The results will be announced from 23:00 Brussels time (22:00 BST) on Sunday, 26 May, so that the announcement of results from the UK or other early voting countries cannot affect voters somewhere else.
What system is used for voting?
Every country is free to use its own system for voting, and there are plenty of differences.
The voting age, for example, is set by national law. And there is some sort of postal or proxy system in place everywhere except Czech Republic, Ireland, Malta, and Slovakia.
Most countries elect their MEPs in one single big national constituency – so Germany has, for example, 96 German MEPs. But a handful – Belgium, Ireland, Italy, Poland, UK – have multiple constituencies.
The most important common rule, however, is that countries must use a proportional system.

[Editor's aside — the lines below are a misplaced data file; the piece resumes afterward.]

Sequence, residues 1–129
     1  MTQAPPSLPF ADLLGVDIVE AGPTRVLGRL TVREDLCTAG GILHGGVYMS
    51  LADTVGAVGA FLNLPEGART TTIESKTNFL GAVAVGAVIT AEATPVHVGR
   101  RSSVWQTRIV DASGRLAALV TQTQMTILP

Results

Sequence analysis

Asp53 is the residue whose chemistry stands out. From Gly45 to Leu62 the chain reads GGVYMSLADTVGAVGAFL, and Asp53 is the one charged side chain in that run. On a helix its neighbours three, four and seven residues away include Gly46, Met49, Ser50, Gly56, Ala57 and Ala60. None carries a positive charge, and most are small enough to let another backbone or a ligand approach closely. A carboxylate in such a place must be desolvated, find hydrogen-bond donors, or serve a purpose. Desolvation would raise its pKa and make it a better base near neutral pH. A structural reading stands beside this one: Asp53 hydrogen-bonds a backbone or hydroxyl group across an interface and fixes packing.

This is different from the first-past-the-post system used by the UK in its national elections (the only EU country to do so). So the UK has to change its voting system to a more representative model for EU elections.
In effect, there are three systems in use:
- Used by: UK (except Northern Ireland), Portugal, Spain, France, Germany, Romania, Hungary
In a closed-list system, political parties make a list of their candidates in order from top to bottom preference. Voters then vote for the party they like – but they cannot vote for an individual person or affect the order of the people on the list.
Depending on the results and the amount of seats available, seats are handed out to the people on the list in order of preference. So the top party list might get its top two or three people elected, the second-place may get one or two, and so on.